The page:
Headwinds Facing GOP Might Not Be So Strong

Headwinds Facing GOP Might Not Be So Strong
AP Photo/John Minchillo
Headwinds Facing GOP Might Not Be So Strong
AP Photo/John Minchillo
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With 80 days to go before the midterm elections, the conventional wisdom is that the Republicans will be hard-pressed to hold their majority in the House. The generic ballot is against them, Donald Trump’s job approval rating isn’t where Republicans would like it to be, and midterms are historically difficult for the incumbent president’s party anyway.

However, all the wind is not in Republicans’ faces. There are countervailing trends at work, too, including these eight:

  1. Critics of the president may still be underestimating the strength of the Trump movement, as they did in 2016. Trump rallies are still standing room only, with lines out the door. The GOP is fully behind the president, whose his approval rating is about 85 percent among his base. Most of the candidates he’s endorsed in primaries have won. Moreover, his support has boosted voter turnout. 
  1. Trump is a stronger candidate than he was in 2016. One of the most important predictors of a midterm election is a president’s popularity. On Election Day in 2016, Trump’s approval to disapproval differential was 21 points and today it is nine points according to the RCP polling average. In other words, despite the pummeling he takes in the press, Donald Trump is more popular today than he was on Election Day 2016. 
  1. With a shove from progressives with 2020 presidential ambitions, most notably Bernie Sanders and Elizabeth Warren, the Democratic Party has veered left in the 2018 season primary season. Universal health care, free college tuition, and a guaranteed basic income may play well in some Democratic primaries. But there’s little evidence that this is what independent voters are looking for, and independents are the key voting bloc in competitive races in swing districts. 
  1. “Wave” elections don’t usually correspond to a humming economy and low unemployment rates. Democrats are saying on the campaign trail that the economic recovery began under the Obama administration. Republicans counter that the government action that solidified the recovery were the GOP-enacted tax cuts opposed by every Democrat in Congress. The upshot is that, historically, voters have been reluctant to punish the party in power when the economy is this strong. 
  1. President Trump has expanded the Republican voter base. He appears to have brought millions of rural white voters previously disillusioned with the GOP back into the fold. But that’s not all. In 2016, exit polls showed he received 8 percent of the African-American vote. Today, his job approval rating among African-Americans is above 20 percent. Trump’s Hispanic approval rating is growing as well. Low unemployment, rising wages and better job opportunities do make a difference with working-class voters of all stripes.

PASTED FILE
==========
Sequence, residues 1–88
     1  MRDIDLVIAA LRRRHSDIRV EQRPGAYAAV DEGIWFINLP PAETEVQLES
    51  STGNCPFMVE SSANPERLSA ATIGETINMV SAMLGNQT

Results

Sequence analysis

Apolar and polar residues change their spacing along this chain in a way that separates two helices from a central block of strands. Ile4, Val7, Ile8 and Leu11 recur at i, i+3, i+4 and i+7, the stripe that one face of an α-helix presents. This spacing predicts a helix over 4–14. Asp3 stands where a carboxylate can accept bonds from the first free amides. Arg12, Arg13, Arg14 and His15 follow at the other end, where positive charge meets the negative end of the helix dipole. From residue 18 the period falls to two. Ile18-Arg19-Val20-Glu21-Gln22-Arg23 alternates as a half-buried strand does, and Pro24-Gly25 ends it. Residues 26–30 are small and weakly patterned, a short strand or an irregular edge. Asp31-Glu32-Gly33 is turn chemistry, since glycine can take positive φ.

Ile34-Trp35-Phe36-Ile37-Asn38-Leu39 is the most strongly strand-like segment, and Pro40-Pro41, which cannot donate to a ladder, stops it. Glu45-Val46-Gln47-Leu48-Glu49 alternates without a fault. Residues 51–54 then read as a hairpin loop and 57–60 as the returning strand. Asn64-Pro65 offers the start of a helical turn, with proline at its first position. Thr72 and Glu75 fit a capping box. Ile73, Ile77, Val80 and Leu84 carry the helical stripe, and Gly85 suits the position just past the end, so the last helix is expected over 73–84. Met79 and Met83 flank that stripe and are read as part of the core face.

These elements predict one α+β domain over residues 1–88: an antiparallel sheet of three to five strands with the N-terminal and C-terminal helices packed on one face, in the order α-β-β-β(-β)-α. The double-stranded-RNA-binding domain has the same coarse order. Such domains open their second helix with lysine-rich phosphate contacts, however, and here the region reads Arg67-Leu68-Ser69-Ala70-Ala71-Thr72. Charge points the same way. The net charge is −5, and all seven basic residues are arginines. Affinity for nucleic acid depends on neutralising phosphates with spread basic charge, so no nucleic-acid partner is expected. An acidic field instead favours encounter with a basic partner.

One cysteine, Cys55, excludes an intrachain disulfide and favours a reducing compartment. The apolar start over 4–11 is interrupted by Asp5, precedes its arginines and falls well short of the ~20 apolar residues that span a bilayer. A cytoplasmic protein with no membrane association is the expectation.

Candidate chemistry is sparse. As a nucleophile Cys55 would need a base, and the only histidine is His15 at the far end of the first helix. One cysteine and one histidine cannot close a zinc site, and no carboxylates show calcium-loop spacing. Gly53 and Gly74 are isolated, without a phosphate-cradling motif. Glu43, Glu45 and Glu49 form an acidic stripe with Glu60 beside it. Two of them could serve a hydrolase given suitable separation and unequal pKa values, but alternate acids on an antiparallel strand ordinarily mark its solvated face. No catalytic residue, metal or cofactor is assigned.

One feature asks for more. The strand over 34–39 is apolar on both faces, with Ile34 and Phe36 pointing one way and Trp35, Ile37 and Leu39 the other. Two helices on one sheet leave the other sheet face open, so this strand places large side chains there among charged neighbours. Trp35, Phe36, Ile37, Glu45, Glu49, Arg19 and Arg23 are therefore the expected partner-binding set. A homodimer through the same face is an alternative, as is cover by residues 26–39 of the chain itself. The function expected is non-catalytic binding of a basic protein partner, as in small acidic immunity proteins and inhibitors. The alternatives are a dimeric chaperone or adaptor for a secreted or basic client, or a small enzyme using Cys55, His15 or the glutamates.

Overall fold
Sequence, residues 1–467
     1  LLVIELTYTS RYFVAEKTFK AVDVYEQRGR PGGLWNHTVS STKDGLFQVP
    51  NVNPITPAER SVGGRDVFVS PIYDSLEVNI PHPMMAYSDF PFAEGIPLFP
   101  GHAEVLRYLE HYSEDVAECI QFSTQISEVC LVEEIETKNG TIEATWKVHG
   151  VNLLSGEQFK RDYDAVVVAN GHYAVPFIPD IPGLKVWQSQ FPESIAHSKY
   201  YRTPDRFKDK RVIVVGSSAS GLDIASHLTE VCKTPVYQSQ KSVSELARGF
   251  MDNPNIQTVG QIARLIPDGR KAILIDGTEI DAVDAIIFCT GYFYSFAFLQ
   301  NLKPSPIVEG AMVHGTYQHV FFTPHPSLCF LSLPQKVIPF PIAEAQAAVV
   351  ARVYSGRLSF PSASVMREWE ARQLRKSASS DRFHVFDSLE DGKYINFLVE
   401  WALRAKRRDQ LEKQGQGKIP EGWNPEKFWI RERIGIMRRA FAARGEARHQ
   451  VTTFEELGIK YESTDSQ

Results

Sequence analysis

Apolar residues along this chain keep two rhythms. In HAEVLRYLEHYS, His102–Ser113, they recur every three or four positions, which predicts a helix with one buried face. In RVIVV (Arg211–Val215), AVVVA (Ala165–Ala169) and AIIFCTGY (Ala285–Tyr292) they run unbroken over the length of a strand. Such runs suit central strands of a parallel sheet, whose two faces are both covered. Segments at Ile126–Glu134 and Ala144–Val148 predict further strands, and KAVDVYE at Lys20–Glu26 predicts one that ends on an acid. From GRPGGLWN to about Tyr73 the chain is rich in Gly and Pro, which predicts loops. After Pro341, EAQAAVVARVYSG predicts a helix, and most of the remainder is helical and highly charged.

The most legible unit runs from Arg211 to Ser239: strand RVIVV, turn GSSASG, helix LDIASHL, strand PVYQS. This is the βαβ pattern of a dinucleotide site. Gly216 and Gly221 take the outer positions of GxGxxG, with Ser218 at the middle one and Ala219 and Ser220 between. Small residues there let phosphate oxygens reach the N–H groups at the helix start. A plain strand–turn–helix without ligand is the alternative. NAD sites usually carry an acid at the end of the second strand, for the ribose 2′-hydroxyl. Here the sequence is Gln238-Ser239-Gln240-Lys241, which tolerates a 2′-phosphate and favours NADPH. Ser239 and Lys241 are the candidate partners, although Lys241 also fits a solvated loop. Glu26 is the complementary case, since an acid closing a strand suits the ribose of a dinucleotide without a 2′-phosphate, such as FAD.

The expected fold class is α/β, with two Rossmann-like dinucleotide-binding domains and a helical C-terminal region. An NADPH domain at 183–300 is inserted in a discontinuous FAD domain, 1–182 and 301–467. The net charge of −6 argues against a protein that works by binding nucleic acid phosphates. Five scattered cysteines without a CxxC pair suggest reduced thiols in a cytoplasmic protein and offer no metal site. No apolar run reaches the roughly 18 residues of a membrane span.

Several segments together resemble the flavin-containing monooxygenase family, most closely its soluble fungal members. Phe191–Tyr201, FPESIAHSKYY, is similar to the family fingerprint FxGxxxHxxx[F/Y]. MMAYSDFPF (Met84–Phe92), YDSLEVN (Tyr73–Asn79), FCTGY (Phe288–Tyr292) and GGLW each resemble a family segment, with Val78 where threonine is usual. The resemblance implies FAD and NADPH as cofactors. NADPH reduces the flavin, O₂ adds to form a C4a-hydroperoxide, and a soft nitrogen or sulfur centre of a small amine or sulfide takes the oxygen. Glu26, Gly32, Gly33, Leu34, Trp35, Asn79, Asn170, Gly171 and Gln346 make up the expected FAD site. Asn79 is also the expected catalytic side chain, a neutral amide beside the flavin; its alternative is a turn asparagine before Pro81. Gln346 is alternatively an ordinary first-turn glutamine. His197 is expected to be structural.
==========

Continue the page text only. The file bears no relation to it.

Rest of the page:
1. The Republican Party’s grassroots network is underrated. Under President Obama, the Democrats lost more than 1,000 seats at the federal, state, and local levels. Almost all of these elected officials are now out campaigning for the Republican ticket. The Republican National Committee has raised $100 million more than the DNC. The RNC is making substantial disbursements to key state party committees, which send out mail, make television commercials and help local candidates. 
  1. The media focuses on the Democratic Party’s success in special elections as evidence of the energized base. However, there have been 10 special elections where Republicans were defending a House or Senate seat and the Republicans won eight of them. The exceptions have been Rep. Conor Lamb in Pennsylvania and Sen. Doug Jones in Alabama. Special elections are not a strong indicator for a general election because they are open seats held at unusual times with heavy party involvement. 
  1. The cultural chasm remains between the national Democratic Party leaders and the key part of their coalition once known as  “Reagan Democrats.”  If anything, it’s growing. These voters, now known as Trump Democrats, helped vault Trump to victory in Pennsylvania, Ohio, Wisconsin and Michigan. Slightly left of center on economic issues, these voters are blue-collar, rural, patriotic, and law-and-order-oriented. For the most part, they are energized by moderate Democrats such as Lamb and New Jersey state Sen. Jeff Van Drew, but they are harder to find this election cycle. However, when New York Gov. Andrew Cuomo is filled with such anti-Trump bile that he says America was never that great to begin with, well, it doesn’t make many Trump supporters regret their vote.

Adele Malpass is a national political reporter for RealClearPolitics. She was formerly chairwoman of the Manhattan Republican Party and money politics reporter for CNBC.

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